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|Case Number:||Civil Application Nai 6 of 1979|
|Parties:||Butt v Rent Restriction Tribunal|
|Date Delivered:||16 Jul 1979|
|Court:||Court of Appeal at Nairobi|
|Judge(s):||Chunilal Bhagwandas Madan, Cecil Henry Ethelwood Miller, Kenneth D Potter|
|Citation:||Butt v Rent Restriction Tribunal eKLR|
|Parties Profile:||Individual v Corporation|
Butt v Rent Restriction Tribunal
Court of Appeal, at Nairobi
July 16, 1979
Madan, Miller and Potter JJA
Civil Application No NAI 6 of 1979
Execution - stay of execution - application for - ground for granting stay - factors to be taken into consideration when granting stay - exercise of discretion of the court.
Costs - security for costs for appeal - exercise of the court’s discretion to order costs - circumstances for ordering costs - conditions to be fulfilled before awarding costs.
The applicant made an application to the High Court for a stay of execution against an order for which he intended to make an appeal. The application was refused. The High Court’s refusal was on the ground that according to the Rent Restriction Act (Cap 296) Section 8(2) and Section 35(2), the shortest way to finality of the matter would be by way of appeal; and further on the ground that the position of the applicant would not be irretrievably damaged neither would the appeal be nugatory should the appeal succeed. The applicant now appeals against this refusal under Order XLI rule 4 of the Civil Procedure Rules.
|Case Outcome:||Application allowed.|
|Disclaimer:||The information contained in the above segment is not part of the judicial opinion delivered by the Court. The metadata has been prepared by Kenya Law as a guide in understanding the subject of the judicial opinion. Kenya Law makes no warranties as to the comprehensiveness or accuracy of the information|
IN THE COURT OF APPEAL
(Coram: Madan, Miller and Potter JJA)
CIVIL APPLICATION NO. NAI 6 OF 1979
RENT RESTRICTION TRIBUNAL..............RESPONDENT
Madan JA The applicant’s application for stay of execution having been refused in the first instance by the High Court from whose order an appeal is intended to be taken, the applicant has made an application to this court under Order XLI rule 4 of the Civil Procedure Rules for an order to stay.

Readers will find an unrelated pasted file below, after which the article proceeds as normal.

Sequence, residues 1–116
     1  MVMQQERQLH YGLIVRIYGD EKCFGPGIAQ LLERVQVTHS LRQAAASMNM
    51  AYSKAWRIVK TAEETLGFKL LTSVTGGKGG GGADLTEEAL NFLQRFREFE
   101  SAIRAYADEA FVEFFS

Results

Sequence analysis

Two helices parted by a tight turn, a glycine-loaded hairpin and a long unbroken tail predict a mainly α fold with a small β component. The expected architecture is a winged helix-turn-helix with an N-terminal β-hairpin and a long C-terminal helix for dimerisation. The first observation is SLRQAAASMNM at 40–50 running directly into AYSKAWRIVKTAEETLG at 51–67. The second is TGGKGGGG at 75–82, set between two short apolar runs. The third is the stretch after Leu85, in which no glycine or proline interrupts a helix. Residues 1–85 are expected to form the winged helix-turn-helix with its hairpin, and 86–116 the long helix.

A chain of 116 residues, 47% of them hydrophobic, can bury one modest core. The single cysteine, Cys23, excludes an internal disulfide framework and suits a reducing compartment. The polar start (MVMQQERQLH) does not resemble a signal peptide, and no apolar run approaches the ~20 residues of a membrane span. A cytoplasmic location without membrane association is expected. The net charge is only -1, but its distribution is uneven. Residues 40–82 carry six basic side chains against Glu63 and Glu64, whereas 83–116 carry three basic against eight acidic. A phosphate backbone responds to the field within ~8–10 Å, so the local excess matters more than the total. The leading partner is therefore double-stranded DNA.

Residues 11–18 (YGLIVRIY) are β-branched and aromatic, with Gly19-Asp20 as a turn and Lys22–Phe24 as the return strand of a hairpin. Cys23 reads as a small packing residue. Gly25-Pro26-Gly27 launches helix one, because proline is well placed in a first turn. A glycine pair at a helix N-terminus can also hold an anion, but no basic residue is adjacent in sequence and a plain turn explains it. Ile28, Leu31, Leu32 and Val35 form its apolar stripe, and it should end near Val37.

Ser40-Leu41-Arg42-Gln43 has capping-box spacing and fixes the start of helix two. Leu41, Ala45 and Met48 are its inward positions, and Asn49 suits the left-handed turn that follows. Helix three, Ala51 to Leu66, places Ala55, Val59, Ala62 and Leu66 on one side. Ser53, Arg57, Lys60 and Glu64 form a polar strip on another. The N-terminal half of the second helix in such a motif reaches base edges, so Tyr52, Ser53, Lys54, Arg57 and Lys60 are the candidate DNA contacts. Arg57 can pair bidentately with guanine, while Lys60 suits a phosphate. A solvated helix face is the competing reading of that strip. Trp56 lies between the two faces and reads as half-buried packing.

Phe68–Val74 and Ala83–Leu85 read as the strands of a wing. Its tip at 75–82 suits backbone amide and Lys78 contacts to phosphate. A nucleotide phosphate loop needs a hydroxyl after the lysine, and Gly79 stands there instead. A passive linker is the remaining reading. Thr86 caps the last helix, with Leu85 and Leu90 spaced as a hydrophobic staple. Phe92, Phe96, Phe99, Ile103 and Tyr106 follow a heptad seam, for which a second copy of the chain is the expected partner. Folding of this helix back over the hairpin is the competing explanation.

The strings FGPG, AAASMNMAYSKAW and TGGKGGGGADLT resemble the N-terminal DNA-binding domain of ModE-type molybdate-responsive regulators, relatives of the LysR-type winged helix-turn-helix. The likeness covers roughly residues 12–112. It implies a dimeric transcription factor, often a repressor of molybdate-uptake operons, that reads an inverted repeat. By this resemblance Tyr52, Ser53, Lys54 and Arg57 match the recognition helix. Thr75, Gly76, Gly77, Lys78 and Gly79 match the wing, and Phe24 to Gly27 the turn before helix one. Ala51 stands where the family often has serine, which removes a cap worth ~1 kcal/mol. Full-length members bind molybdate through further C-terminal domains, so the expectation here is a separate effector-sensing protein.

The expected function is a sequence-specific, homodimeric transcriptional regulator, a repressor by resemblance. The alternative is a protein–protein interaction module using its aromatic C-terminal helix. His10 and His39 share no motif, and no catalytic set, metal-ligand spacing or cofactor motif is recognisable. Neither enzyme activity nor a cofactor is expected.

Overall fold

On January 9, 1979, the High Court dismissed the applicant’s application for issue of prerogative orders of Prohibition and Mandamus to be addressed to the Nairobi Rent Restriction Tribunal. The applicant was granted a temporary order of prohibition on June 22, 1978 of assessment of standard rent of the suit premises by the Tribunal which was rescinded by the order of January 9, 1979. If this application succeeds, the temporary order of prohibition would be restored pending the hearing of the appeal against the Order dated January 9, 1979.
In the course of his ruling refusing to stay execution, the learned judge said:
“I have of course anxiously considered whether by refusing the application, I, a newly appointed judge might appear to arrogate to myself a notion of infallibility … I must act on what I see to be the guiding and overriding principle namely that what is the least tortuous path to an end of this litigation and I have come to the conclusion that the appellate path from Section 8(2) and 35(2) of Cap 296 is the shortest way to finality and, more important from the applicant’s point of view, that his position will not be irretrievably changed thereby so that if my decision was wrong, his appeal will not be nugatory.”
Earlier the learned judge also said he considered that a ‘linear appeal’ was the most satisfactory way of airing the applicant’s complaints, should he be dissatisfied in the event, with the Tribunal’s decision.